One of the biggest early-career challenges for many professional writers is learning how to get along with editors. It doesn’t have to be hard — just keep in mind what editors need.
Editors need to know what to expect and when to expect it. Sure, they may want some other stuff, but this is what they really need.
Don’t forget that professional writing is a craft. You and your editor both are crafting a product for sale, and the editor needs to stick to a schedule for producing that product, packaging it and shipping it to market. This is a repugnant concept for some writers, but don’t let sentimentality about the writer’s life set you up to be blindsided when your story idea is rejected, your job is eliminated or your publication goes out of business. If you can keep your head screwed on straight and remember that you’re manufacturing a product, you’ll be better off. You’ll also have fewer conflicts with editors who have their own deadlines to meet and bosses to satisfy.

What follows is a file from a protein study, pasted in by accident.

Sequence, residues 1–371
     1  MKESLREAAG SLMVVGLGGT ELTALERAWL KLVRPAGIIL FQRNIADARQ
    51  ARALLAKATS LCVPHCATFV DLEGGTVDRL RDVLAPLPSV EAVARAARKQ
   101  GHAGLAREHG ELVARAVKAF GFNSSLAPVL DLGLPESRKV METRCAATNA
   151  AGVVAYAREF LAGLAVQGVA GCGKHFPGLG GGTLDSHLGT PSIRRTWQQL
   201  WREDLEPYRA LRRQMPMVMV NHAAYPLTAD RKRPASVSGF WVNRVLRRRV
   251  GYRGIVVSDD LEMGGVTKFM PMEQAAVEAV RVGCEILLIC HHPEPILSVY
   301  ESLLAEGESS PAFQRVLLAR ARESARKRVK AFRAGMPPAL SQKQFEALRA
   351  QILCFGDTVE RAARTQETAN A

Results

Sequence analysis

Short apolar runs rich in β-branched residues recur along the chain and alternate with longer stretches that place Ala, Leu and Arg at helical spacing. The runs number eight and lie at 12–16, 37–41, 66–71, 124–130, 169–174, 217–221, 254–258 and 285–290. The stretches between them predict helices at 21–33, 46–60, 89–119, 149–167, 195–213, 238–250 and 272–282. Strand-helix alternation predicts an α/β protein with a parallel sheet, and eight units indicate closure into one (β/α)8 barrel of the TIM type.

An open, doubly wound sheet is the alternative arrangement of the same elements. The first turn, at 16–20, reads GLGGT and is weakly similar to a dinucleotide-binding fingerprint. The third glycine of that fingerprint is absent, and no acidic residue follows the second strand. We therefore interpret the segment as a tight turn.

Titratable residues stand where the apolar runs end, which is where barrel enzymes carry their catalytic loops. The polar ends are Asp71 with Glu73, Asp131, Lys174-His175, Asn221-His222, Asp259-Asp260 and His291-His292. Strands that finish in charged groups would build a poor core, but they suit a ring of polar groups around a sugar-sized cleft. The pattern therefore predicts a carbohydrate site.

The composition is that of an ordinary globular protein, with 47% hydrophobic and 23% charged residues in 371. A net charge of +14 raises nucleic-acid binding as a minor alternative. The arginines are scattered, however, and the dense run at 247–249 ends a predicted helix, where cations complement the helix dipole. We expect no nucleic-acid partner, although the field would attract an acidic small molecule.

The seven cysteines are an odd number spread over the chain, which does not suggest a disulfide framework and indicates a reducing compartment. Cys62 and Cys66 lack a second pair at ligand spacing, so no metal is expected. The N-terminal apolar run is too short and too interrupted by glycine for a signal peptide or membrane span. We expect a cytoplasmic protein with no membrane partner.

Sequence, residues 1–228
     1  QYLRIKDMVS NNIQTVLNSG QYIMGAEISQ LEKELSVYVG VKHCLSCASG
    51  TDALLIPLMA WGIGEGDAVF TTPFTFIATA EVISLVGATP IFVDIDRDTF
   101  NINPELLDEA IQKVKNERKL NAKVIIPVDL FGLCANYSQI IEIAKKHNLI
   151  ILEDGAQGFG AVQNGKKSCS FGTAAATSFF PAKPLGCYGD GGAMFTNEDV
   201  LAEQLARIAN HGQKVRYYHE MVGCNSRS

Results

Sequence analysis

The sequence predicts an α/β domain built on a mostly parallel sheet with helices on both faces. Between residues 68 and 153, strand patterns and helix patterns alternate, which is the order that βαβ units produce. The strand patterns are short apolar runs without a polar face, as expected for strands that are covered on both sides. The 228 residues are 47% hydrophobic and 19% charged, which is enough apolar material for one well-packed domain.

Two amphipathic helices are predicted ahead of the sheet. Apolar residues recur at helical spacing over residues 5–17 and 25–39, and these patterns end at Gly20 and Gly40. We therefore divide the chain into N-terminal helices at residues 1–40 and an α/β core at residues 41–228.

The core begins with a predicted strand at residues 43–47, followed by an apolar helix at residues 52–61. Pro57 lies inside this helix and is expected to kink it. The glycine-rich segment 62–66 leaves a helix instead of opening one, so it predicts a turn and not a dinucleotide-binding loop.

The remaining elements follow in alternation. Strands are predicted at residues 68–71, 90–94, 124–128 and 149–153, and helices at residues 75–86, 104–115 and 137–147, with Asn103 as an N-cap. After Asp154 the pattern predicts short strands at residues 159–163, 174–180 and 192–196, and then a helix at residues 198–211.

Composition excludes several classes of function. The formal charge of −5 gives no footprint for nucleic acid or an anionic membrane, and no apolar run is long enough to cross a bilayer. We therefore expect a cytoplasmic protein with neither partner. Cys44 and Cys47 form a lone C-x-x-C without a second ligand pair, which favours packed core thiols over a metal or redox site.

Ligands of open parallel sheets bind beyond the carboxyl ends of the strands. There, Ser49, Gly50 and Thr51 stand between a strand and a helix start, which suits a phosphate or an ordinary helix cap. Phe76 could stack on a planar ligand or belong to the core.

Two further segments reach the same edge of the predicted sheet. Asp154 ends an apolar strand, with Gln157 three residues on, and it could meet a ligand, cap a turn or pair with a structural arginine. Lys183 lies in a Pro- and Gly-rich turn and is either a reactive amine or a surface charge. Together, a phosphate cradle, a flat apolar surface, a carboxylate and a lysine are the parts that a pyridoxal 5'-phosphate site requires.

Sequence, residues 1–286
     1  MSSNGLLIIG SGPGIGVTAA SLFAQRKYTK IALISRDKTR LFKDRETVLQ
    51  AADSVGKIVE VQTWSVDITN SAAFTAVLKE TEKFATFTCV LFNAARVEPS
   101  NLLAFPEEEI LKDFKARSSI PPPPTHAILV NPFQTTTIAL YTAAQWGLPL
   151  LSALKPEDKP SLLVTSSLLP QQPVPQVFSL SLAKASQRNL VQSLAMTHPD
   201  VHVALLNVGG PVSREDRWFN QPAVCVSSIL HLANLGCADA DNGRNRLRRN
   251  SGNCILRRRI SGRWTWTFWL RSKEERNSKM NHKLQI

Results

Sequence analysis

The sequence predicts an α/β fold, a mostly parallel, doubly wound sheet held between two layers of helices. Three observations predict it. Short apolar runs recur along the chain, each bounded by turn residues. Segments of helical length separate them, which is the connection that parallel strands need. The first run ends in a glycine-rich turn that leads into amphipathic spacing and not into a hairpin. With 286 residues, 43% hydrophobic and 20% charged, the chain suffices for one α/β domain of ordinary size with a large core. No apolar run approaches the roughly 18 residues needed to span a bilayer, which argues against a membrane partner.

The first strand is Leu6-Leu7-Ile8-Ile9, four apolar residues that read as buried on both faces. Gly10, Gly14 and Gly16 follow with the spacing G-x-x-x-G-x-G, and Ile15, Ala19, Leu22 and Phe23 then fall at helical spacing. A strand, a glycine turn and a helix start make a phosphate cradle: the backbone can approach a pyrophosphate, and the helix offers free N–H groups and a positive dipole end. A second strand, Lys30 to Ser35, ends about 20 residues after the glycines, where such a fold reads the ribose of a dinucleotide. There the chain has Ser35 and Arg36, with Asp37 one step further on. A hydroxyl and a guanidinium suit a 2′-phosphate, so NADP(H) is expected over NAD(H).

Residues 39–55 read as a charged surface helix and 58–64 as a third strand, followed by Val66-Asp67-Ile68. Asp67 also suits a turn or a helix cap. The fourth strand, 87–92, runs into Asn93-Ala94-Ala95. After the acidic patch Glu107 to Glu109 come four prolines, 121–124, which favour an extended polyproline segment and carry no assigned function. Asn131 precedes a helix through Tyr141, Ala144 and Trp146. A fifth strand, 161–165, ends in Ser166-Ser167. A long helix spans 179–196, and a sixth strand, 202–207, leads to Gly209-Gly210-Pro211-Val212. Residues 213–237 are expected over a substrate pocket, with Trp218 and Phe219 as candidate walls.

So, then, two tips that will go a long way toward helping writers get along with editors:
1. Be reliable. Always strive to be a better writer, a better craftsman. But remember that over the course of your career, you’ll probably be a journeyman longer than you’ll be a master. Most editors would rather work with a journeyman who always delivers on time than with a master who blows deadlines.
2. Be honest. Don’t surprise your editor with bad news at the last minute. As soon you know something isn’t working out with your piece, say so. The two of you may be able to implement a backup plan and still make deadline. At the very least, your editor will have more time to fill the hole with something else.
Establishing a good working relationship with an editor can’t be completely reduced to two tips, of course, and every writer-editor relationship is different. But do keep these ideas in mind. I hope they’ll serve you well.